“I do not object to the phenomena, but I do object to the parrot.”
Stella Gibbons, Cold Comfort Farm
“There are some things (like first love and one’s first reviews) at which a woman in her middle years does not care to look too closely.”
Stella Gibbons, Cold Comfort Farm
“The audience had run to beards and magenta shirts and original ways of arranging its neckwear; and not content with the ravages produced in its over-excitable nervous system by the remorseless workings of its critical intelligence, it had sat through a film of Japanese life called 'Yes,' made by a Norwegian film company in 1915 with Japanese actors, which lasted an hour and three-quarters and contained twelve close-ups of water-lilies lying perfectly still on a scummy pond and four suicides, all done extremely slowly.”
Stella Gibbons, Cold Comfort Farm
“He was, she reflected, almost rudely like a tortoise; and she was glad her friend kept none as pets or they might have suspected mockery.”
Stella Gibbons, Cold Comfort Farm
“A straight nose is a great help if one wishes to look serious'.”
Stella Gibbons, Cold Comfort Farm
“The life of a journalist is poor, nasty, brutish, and short. So is his style”
Stella Gibbons, Cold Comfort Farm
“By the way, I adore my bedroom, but do you think I could have the curtains washed? I believe they are red; and I should so like to make sure.'
Judith had sunk into a reverie.
'Curtains?' she asked, vacantly, lifting her magnificent head. 'Child, child, it is many years since such trifles broke across the web of my solitude'.”
Stella Gibbons, Cold Comfort Farm
“I think it's degrading of you, Flora,' cried Mrs Smiling at breakfast. 'Do you truly mean that you don't ever want to work at anything?'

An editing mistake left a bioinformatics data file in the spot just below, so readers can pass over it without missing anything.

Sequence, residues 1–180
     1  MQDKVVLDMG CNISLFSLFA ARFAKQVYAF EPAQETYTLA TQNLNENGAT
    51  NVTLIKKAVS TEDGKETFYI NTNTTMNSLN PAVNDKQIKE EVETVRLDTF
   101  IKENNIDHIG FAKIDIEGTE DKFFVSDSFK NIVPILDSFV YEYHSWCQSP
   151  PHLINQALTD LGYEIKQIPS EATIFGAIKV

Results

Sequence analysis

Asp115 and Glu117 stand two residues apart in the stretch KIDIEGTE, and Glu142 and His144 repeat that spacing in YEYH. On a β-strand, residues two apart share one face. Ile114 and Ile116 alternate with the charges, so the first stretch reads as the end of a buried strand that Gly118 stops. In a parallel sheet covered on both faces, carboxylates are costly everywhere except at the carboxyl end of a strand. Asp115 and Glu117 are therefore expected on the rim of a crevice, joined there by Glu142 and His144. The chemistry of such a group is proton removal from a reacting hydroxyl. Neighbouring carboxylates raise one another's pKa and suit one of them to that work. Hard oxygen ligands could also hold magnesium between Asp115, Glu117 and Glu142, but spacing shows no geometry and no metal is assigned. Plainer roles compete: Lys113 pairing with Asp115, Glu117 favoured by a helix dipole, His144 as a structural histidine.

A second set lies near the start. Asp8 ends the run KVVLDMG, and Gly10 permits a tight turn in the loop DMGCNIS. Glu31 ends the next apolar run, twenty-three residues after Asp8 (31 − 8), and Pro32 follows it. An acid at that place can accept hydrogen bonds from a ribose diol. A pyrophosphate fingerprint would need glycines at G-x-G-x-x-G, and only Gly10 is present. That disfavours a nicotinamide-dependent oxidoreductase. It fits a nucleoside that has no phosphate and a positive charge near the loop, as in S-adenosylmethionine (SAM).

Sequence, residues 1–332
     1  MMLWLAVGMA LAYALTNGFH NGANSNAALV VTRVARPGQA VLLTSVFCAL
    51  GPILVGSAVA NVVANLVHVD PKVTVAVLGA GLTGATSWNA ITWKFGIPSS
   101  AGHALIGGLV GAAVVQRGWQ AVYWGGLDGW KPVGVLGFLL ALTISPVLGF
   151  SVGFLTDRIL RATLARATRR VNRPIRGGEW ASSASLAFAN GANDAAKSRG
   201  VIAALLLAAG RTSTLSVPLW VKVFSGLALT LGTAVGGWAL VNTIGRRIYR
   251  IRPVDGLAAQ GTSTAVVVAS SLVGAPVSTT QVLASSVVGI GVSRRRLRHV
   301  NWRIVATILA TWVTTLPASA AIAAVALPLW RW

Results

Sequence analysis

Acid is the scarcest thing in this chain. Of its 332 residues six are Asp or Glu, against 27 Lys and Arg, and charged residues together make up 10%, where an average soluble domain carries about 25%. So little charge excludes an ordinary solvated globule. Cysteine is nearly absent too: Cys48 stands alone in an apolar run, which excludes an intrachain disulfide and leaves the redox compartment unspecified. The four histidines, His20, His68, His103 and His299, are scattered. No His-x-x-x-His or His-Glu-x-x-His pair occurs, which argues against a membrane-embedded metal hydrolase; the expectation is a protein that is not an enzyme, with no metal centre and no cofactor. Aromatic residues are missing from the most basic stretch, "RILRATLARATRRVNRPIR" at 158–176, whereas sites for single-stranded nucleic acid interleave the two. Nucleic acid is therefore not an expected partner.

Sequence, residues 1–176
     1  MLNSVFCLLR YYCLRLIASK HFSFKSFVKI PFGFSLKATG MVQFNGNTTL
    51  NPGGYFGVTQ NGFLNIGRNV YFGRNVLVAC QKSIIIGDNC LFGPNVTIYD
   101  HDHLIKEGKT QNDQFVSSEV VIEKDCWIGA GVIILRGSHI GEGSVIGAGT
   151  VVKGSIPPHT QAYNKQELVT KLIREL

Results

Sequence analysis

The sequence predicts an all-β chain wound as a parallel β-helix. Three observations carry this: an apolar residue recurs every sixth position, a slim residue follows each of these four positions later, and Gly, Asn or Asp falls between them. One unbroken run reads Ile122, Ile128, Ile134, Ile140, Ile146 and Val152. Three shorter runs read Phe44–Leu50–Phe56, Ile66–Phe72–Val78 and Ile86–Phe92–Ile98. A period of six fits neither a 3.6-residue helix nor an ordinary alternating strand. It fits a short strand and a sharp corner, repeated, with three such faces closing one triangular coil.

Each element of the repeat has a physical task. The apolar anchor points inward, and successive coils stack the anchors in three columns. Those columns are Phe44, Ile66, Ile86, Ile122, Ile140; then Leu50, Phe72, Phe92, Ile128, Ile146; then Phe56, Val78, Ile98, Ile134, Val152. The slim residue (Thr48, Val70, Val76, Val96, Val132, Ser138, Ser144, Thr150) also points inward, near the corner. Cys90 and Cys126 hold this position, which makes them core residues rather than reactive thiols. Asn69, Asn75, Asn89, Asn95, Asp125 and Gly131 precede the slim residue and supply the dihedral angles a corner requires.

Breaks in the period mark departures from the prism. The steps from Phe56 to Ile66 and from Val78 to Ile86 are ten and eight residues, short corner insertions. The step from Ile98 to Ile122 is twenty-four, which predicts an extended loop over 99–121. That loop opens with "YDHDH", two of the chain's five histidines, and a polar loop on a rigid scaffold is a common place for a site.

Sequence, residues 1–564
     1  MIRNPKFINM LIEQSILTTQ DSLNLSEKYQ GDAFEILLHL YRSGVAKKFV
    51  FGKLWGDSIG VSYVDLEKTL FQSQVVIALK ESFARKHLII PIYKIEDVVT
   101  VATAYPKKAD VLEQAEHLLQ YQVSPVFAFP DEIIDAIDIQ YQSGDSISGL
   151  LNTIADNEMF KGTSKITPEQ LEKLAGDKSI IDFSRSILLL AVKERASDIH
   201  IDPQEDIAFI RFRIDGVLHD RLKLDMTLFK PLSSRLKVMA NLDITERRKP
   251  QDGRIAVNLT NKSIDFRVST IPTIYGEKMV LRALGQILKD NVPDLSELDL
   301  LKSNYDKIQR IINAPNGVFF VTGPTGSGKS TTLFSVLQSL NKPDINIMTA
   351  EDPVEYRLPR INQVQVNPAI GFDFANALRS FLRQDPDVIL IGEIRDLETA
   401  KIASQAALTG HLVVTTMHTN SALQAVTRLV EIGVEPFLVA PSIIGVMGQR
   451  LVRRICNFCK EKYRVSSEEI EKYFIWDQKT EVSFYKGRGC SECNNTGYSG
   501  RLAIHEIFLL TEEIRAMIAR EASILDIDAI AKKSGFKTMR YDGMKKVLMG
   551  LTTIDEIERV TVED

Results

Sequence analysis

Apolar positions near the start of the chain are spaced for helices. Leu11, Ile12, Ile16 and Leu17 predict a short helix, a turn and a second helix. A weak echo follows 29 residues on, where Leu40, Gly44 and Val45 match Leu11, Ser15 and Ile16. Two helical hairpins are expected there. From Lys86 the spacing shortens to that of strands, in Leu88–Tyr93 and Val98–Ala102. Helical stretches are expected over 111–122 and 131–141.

Her friend replied after some thought: 'Well, when I am fifty-three or so I would like to write a novel as good as "Persuasion", but with a modern setting, of course. For the next thirty years or so I shall be collecting material for it. If anyone asks me what I work at, I shall say "Collecting material." No one can object to that. Besides, I shall be.'

Mrs Smiling drank some coffee in silent disapproval.

'If you ask me,' continued Flora, 'I think I have much in common with Miss Austen. She liked everything to be tidy and pleasant and comfortable around her, and so do I. You see Mary,' - and here Flora began to grow earnest and to wave one finger about - 'unless everything is tidy and pleasant and comfortable all about one, people cannot even begin to enjoy life. I cannot endure messes.”
Stella Gibbons, Cold Comfort Farm
“Curious how Love destroys every vestige of that politeness which the human race, in its years of evolution, has so painfully acquired.”
Stella Gibbons, Cold Comfort Farm
“Richard had realized, not that Elfine was beautiful, but that he loved Elfine. (Young men frequently need this fact pointing out to them, as Flora knew by observing the antics of her friends.)”
Stella Gibbons, Cold Comfort Farm
“She glanced upwards for a second at the soft blue vault of the midsummer night sky. Not a cloud misted its solemn depths. Tomorrow would be a beautiful day.”
Stella Gibbons, Cold Comfort Farm
“Flora inherited, however, from her father a strong will and from her mother a slender ankle.”
Stella Gibbons, Cold Comfort Farm
“Ye know, doan't ye, what it feels like when ye burn yer hand in takin' a cake out of the oven or wi'a match when ye're lightin' one of they godless cigarettes? Ay. It stings wi' a fearful pain, doan't it? And ye run away to clap a bit o' butter on it to take the pain away. Ah, but' (an impressive pause) 'there'll be no butter in hell!”
Stella Gibbons, Cold Comfort Farm